Subscriber-pays raters have used the recent controversy surrounding the issuer-pays firms to tout the virtues of their alternative model. Egan-Jones Ratings Company, a subscriber-pays firm based in Haverford, PA, for instance, has criticized the Big Three in numerous congressional hearings for allegedly being monopolistic and enabling biased ratings. A 2008 report by the American Enterprise Institute (PDF) comparing different types of raters showed that Egan-Jones provided more accurate ratings than Moody's and S&P.
Role in the Financial Crisis
In 2008, during the global financial crisis, rating agencies were chastised in congressional hearings and lawsuits for miscalculating the risks associated with mortgage-related securities. They were accused of creating complex models to calculate the probability of default for individual mortgages and also for the securitized products these mortgages made up. Raters deemed many of these so-called "structured" products top-tier triple-A material for several years during the housing boom, only to downgrade them to below investment-grade status when the housing market collapsed. In 2007, as housing prices began to tumble, Moody's downgraded 83 percent of the $869 billion in mortgage securities it had rated at the AAA level in 2006.
Critics said the raters failed to judge the likelihood of the decline in housing prices and their effect on loan defaults. These inflated ratings also failed to account for the greater systemic risks associated with downgrading structured products, as opposed to simpler securities like corporate and sovereign bonds. Rating agencies also came under fire for allegedly sacrificing quality ratings to win a bigger share of the booming structured products business. By 2006, Moody's had earned more revenue from structured finance--$881 million--than all its business revenues combined for 2001.
The Big Three argued that rating decisions were made by rating committees, not individual analysts, and that analysts were not compensated based on their ratings. As for the criticisms of the issuer-pays system, the agencies maintained that subscriber-pays raters suffered from their own conflicts of interest. Investors might pressure rating agencies for lower ratings because the securities, if deemed riskier, would pay higher yields. Short-sellers might also benefit financially from negative ratings. The real issue then, the Big Three argued, was not whether the system was issuer-pays or subscriber-pays, but how transparent raters were with the models they used.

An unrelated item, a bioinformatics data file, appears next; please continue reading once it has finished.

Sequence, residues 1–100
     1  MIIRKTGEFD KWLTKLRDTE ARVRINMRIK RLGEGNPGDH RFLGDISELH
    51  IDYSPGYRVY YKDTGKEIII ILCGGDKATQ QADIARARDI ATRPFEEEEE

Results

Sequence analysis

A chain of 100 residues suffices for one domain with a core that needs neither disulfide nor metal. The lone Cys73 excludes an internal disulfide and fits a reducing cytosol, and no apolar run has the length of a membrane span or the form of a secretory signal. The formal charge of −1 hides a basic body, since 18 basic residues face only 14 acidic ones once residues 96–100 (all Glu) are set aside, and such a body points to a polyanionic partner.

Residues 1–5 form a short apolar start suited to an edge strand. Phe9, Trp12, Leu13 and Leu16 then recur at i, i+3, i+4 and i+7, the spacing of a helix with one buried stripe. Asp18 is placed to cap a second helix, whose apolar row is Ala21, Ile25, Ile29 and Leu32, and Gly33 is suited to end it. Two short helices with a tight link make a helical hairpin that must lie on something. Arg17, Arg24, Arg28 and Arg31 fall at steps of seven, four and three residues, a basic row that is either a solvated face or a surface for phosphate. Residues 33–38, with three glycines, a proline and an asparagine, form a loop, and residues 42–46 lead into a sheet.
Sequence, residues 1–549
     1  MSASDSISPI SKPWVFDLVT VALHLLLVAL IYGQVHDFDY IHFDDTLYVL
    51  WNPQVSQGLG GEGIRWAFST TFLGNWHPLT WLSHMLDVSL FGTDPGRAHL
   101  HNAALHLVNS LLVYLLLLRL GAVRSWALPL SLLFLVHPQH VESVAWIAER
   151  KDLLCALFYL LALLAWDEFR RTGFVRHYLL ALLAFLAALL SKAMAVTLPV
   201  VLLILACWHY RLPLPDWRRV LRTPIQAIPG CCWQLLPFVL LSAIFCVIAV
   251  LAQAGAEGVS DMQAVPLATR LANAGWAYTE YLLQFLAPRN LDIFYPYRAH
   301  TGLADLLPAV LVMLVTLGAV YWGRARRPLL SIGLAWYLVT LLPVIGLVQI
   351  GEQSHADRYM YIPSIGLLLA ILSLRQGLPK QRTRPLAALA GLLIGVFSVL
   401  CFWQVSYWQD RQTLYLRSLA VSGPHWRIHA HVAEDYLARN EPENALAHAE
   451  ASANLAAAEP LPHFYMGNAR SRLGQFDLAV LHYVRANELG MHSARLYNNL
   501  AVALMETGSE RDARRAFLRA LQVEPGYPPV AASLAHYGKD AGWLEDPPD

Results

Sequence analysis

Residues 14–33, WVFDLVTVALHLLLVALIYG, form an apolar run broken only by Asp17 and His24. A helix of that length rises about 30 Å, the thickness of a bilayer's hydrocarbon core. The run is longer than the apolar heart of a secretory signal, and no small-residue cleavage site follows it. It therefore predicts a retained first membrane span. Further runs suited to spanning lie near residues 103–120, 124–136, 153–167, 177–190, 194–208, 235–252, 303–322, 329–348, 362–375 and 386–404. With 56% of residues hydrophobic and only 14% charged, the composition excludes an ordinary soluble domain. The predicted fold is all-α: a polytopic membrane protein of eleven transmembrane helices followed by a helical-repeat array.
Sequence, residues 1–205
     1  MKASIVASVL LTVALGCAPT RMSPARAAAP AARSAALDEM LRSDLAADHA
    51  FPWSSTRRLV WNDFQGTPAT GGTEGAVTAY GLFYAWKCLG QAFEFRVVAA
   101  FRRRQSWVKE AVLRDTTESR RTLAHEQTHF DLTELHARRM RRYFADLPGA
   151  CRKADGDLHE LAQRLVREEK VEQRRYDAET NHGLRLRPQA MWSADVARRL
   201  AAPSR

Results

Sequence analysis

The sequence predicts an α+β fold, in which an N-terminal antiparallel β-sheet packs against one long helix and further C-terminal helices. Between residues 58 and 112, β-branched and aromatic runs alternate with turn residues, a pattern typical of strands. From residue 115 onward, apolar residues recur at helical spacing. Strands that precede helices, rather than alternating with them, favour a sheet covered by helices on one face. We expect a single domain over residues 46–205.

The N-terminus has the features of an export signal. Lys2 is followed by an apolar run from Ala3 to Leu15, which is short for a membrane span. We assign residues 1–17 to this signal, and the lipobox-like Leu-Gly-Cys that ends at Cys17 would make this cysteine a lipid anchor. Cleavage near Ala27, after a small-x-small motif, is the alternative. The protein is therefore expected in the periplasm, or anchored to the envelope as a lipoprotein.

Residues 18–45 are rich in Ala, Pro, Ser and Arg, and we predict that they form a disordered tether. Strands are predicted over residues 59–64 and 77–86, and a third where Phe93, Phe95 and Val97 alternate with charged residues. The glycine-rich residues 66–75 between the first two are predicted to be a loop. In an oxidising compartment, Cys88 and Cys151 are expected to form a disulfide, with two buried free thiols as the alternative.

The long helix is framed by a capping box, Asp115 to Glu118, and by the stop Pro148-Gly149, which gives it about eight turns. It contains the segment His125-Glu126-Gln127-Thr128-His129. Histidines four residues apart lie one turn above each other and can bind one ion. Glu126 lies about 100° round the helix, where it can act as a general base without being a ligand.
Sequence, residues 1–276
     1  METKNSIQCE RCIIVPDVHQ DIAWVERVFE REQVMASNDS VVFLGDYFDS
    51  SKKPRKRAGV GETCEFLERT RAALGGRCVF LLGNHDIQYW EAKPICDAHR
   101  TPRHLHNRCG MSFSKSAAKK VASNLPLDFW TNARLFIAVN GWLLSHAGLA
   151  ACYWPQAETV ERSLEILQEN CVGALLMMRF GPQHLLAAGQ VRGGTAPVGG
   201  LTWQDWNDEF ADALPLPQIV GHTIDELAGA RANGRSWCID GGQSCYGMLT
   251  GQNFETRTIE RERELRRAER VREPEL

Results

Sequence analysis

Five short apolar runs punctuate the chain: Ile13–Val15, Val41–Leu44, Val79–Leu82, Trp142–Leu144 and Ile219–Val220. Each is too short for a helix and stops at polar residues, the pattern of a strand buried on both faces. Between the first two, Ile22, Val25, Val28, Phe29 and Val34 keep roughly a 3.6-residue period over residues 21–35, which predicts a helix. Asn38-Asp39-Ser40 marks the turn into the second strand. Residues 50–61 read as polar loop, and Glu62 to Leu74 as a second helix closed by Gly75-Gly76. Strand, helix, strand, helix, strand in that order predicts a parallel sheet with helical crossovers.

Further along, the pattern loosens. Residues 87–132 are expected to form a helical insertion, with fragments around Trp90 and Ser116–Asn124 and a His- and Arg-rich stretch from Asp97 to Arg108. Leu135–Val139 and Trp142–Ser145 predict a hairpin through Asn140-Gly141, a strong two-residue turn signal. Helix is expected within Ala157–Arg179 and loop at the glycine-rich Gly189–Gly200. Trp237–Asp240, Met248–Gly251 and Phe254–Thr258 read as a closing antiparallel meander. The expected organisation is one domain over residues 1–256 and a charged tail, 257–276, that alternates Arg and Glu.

In February 2013, the U.S. government filed a civil suit against S&P in a California court, seeking damages of $5 billion for the agency's alleged role in misleading investors during the run-up to the financial crisis. If S&P is found guilty and forced to pay such a penalty, it could spell the end for the embattled ratings agency and its parent company, McGraw-Hill. The suit opens the door to further civil action against the major rating agencies by investors who bought presumably safe triple-A financial products before the crisis. However, the Justice Department's decision to prosecute S&P, while sparing Moody's and Fitch, has been criticized by some as politically motivated. S&P was the only one of the Big Three that took the unprecedented step of downgrading U.S. debt in August 2011. The S&P case is characterized by an embarrassing paper trail left by analysts, describing what appears to be a widespread effort to make the firm more competitive by lowering ratings criteria.
Impact on the Eurozone Crisis